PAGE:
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Sad series of peds hem-onc patient deaths

Pediatric   (817 Views 6 Comments)
by Rhan24 Rhan24 (New Member) New Member

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I have been an R.N. on my city’s pediatric hospital’s Hem-Onc/BMT unit for a little over a year now and recently I’ve been having a difficult time coping with patient deaths. Not that I didn’t care/feel sad before, but the deaths recently have been patients dying from secondary cancers/complications (GVHD) from treatment from their initial diagnoses. I think maybe it’s because in my first year of nursing I was so focused on getting my skills down (this is my first “big girl” job!) and building confidence that I didn’t understand all the facets of my patients’ medical histories and what relapses truly entail. 

Has anyone else in this sub-specialty felt this way? I have cried out to my trusted loved ones, asking what’s the point in torturing these children and teens with horrible treatments if they’re “just going to die anyway” (absolutely horrible, I know, but it’s how I feel sometimes). This overarching sadness and despair makes the challenges of bedside nursing (short-staffing, for example) unbearable. I feel defeated and like I’m not making a meaningful difference and dread going to work. I try to focus on positives in my life (vacations, new house) but this is a big part of my life too and this sadness is overwhelming. Any words of encouragement or insight is appreciated. Thank you for reading this far.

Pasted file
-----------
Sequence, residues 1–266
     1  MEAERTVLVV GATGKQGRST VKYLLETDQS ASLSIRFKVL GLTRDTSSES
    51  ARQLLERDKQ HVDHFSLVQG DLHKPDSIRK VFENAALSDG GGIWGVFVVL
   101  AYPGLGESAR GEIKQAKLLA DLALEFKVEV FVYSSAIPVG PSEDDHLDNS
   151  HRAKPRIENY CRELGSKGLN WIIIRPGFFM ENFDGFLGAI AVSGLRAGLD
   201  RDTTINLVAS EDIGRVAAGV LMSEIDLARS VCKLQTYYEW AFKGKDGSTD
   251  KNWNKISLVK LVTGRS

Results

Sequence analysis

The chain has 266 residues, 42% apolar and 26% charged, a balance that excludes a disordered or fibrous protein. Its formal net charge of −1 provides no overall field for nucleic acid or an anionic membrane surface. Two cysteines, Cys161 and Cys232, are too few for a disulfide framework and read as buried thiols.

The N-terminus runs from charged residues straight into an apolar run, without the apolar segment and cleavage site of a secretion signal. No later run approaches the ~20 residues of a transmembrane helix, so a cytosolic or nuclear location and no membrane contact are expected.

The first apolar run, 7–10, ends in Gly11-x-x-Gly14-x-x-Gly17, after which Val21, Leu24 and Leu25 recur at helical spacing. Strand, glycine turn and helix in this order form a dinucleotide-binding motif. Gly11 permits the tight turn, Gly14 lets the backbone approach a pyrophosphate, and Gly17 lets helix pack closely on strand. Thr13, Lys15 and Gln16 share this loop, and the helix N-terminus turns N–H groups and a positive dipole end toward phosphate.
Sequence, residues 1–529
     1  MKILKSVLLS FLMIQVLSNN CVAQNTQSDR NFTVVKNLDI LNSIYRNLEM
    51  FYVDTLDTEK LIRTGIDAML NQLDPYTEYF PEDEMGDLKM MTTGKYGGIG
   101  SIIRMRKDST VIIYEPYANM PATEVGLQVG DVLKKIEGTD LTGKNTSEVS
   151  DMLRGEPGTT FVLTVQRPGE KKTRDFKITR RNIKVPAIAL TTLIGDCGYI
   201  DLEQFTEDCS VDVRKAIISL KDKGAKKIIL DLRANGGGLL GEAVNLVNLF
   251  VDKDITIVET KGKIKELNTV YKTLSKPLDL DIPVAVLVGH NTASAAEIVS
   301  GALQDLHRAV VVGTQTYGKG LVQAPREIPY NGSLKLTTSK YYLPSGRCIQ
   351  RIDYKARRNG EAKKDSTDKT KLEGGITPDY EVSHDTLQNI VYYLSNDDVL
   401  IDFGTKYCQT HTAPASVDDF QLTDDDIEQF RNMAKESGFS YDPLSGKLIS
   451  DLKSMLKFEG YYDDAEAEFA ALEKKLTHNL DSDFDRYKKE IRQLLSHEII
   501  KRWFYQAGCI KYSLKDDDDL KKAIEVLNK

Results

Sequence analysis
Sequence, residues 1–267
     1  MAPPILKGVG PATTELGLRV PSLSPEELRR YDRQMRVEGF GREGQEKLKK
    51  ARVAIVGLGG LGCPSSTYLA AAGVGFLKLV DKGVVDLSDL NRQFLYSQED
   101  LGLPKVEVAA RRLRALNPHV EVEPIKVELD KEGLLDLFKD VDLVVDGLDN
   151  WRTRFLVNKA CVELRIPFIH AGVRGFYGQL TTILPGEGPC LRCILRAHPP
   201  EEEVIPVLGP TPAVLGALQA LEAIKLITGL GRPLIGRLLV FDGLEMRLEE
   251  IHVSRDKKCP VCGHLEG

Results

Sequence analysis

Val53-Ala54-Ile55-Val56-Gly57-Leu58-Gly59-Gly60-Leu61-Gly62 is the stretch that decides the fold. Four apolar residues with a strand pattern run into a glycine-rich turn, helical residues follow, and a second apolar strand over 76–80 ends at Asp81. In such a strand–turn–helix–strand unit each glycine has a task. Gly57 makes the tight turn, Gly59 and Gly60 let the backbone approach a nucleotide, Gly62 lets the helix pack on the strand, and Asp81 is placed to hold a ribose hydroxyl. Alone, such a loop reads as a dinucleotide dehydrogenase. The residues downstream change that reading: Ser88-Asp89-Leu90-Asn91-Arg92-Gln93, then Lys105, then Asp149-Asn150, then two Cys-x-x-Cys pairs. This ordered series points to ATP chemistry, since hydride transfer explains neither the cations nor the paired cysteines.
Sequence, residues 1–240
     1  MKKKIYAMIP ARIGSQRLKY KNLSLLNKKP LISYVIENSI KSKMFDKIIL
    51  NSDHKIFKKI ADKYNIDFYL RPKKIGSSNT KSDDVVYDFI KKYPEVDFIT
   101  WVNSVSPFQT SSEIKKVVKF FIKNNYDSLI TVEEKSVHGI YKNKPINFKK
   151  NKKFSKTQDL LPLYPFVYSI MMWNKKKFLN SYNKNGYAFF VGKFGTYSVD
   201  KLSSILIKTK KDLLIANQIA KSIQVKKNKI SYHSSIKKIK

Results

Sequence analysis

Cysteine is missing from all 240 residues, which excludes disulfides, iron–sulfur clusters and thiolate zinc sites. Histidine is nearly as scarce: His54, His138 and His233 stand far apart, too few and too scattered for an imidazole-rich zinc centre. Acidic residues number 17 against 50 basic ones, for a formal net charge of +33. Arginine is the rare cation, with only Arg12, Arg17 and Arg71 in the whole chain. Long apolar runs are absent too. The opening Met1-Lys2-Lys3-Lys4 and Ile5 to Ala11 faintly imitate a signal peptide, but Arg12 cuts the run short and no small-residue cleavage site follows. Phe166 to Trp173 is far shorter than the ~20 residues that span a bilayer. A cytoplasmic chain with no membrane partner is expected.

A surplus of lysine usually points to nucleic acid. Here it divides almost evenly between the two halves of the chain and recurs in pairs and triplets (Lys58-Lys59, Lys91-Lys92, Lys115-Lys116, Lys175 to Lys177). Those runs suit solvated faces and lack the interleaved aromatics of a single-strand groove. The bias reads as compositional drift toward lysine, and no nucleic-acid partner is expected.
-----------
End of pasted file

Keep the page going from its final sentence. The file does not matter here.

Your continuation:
Edited by Rhan24

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ruby_jane is a BSN, RN and specializes in ICU/community health/school nursing.

3 Followers; 2,318 Posts; 8,503 Profile Views

I am not a hem/onc nurse but I thought I wanted to be...until I did my capstone at the Children's hospital. RJ Junior was seven at the time and I thought it would undo me. RJJ is leaving for college now and I think I'd actually like to work my way back there. I especially loved the kids with sickle cell. Can't tell you why.